The group discussed and evaluated potential water supply and storage options for the Cowichan Lake and River system. After careful consideration of the tradeoffs between ensuring adequate flows for fish and other aquatic species, avoiding any increase to flood risk for lakeshore residents, and minimizing impacts on water user on the lake and river, the group agreed that replacing the current weir with a higher structure was needed. Read the full recommendations of the PAG here.
There is a high level of support for this solution. See Community Response and Community Partners to learn about the many stewardship organizations, political leaders, and government departments working towards this goal.
Are there Other Options?
All proposed options were explored during the Water Use Plan. Many were deemed too expensive or likely to cause worse impacts. In particular, the option of doing nothing was thoroughly explored and rejected. In 2019, the lake’s water storage hit ‘zero’ for the second time since the weir was built, and in August, Catalyst was pumping water out of the lake to maintain flows in the river. While this is a preferred situation to seeing the Cowichan River run completely dry, it is not a long term solution. There are limits to how low the lake can be drawn down safely due to potential impacts to nearshore habitats, riparian vegetation, water intakes, beaches, docks, & more. Due to these limits, the river would still run dry some years.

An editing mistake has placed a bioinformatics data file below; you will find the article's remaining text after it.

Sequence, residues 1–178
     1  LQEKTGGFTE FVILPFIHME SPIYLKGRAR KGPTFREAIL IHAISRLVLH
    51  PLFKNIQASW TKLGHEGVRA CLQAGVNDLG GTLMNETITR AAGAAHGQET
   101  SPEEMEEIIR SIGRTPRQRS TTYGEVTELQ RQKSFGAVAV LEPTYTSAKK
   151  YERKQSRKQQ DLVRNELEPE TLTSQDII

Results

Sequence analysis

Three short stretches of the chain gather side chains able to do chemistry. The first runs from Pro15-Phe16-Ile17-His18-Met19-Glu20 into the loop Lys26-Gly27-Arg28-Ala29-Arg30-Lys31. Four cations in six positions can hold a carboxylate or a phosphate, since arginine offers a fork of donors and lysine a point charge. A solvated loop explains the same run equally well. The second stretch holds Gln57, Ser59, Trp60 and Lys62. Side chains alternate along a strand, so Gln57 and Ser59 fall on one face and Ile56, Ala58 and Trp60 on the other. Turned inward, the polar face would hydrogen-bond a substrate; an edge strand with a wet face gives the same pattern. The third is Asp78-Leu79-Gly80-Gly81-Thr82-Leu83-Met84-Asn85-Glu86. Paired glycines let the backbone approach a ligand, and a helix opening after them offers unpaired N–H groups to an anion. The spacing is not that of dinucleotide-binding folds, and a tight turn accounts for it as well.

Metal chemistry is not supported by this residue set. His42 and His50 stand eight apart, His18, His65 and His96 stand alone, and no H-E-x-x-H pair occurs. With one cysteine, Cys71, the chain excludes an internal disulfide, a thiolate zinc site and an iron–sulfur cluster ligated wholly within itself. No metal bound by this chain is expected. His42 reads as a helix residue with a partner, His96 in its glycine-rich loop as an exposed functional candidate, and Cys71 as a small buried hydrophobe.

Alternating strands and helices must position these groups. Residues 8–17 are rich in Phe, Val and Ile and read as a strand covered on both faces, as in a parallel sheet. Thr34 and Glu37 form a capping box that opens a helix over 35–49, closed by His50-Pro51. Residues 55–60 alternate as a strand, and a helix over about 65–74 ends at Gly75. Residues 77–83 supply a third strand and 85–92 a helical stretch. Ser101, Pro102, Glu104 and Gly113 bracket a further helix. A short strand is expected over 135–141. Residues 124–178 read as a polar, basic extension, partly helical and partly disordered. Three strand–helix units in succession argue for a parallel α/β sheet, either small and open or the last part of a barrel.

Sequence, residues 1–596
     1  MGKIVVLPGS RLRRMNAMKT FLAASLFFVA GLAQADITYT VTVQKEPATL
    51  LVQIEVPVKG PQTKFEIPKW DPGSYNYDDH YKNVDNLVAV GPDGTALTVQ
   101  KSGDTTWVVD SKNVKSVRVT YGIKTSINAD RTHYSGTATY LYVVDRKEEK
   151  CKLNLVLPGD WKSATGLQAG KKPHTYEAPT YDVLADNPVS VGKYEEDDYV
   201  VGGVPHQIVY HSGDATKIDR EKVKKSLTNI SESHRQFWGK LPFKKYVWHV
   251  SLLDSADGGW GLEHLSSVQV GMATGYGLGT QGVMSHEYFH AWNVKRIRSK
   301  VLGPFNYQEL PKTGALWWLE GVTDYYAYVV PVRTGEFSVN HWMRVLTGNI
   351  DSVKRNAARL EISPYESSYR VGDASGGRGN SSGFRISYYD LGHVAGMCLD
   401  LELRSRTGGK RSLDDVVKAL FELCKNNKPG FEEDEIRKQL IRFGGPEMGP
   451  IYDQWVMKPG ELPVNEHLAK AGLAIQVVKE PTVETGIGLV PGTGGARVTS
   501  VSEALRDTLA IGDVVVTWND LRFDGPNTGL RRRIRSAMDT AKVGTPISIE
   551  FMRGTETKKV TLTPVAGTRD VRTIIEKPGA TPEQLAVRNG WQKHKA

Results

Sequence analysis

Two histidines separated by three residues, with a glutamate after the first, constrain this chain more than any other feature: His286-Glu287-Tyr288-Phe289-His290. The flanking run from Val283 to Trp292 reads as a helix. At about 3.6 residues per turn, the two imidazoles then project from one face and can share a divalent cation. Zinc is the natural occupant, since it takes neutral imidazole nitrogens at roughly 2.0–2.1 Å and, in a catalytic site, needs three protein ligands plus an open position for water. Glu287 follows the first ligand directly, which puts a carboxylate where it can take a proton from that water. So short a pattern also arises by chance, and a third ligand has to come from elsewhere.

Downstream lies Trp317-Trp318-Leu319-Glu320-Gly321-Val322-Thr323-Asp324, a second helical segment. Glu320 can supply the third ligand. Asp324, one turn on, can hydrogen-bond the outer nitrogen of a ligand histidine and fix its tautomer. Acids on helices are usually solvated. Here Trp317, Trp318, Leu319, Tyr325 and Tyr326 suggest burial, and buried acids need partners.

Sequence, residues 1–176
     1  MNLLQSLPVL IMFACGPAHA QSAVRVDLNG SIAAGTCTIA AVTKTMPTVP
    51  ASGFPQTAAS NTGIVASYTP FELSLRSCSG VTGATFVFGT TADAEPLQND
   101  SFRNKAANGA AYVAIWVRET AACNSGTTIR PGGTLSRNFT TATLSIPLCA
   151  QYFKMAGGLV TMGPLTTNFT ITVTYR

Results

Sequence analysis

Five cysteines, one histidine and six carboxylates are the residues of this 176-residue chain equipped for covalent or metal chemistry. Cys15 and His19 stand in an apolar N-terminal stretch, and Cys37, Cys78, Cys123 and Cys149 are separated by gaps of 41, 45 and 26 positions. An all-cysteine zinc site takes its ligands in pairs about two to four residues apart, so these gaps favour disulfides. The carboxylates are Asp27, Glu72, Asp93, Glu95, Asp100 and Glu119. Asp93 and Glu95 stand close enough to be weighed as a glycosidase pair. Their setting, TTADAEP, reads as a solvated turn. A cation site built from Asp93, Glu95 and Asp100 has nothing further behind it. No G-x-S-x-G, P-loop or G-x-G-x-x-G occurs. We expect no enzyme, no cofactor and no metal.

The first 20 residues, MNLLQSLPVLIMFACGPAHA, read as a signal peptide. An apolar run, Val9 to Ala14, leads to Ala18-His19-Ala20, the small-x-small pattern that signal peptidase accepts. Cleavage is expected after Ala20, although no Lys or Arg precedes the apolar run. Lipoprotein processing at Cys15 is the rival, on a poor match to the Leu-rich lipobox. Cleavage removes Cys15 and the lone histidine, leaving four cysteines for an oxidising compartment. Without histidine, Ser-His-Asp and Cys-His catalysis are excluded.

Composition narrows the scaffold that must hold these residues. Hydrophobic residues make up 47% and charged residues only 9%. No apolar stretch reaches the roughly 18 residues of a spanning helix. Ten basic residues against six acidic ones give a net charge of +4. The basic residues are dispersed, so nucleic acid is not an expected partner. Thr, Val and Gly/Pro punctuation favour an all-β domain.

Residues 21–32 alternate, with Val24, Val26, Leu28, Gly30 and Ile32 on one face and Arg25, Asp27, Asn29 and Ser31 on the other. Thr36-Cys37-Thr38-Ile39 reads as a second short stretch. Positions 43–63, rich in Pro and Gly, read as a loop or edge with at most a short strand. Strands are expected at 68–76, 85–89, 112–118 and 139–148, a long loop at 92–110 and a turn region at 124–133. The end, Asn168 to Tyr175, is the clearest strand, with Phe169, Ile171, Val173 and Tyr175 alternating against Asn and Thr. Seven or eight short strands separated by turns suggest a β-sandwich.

Updates and Next Steps
(July 27 2020) The Cowichan Water Use Plan website now contains information on the weir design and engineering as that work is completed. Check “Leroy’s Corner” for regular updates from Leroy Van Wieren, Project Manager.
Also check our News page.
(April 2020) In the fall of 2019, the partners that initiated the Cowichan Water Use Plan (see above) began the next phases of planning for the recommended solutions. Using funds provided by the BC Salmon and Innovation Fund, CVRD hired a project manager in late 2019 to oversee: a) the engineering contract for the design of new weir (including deconstruction of current weir) and; b) impact modelling to identify whether there are any upstream impacts of increased storage from the proposed weir design. These studies were recommended by the Water Use Plan and are expected to take approximately 2 years to complete. In early 2020, Stantec was awarded a contract for part (a). Work is underway to further refine the scope of the part (b). The results will provide a foundational piece in a new conservation water license application to store more water.
A process is also underway to collaboratively determine a science based “decision making framework” to assist in making tough in-season water management decisions in the face of low river flows until the new weir is in place.
Thanks for taking the time to learn about this situation. The science is clear that the status quo is not sustainable. We hope you will join the growing number of people saying, “Weir Ready” to keep our river flowing for future generations. Read more: We Can Fix This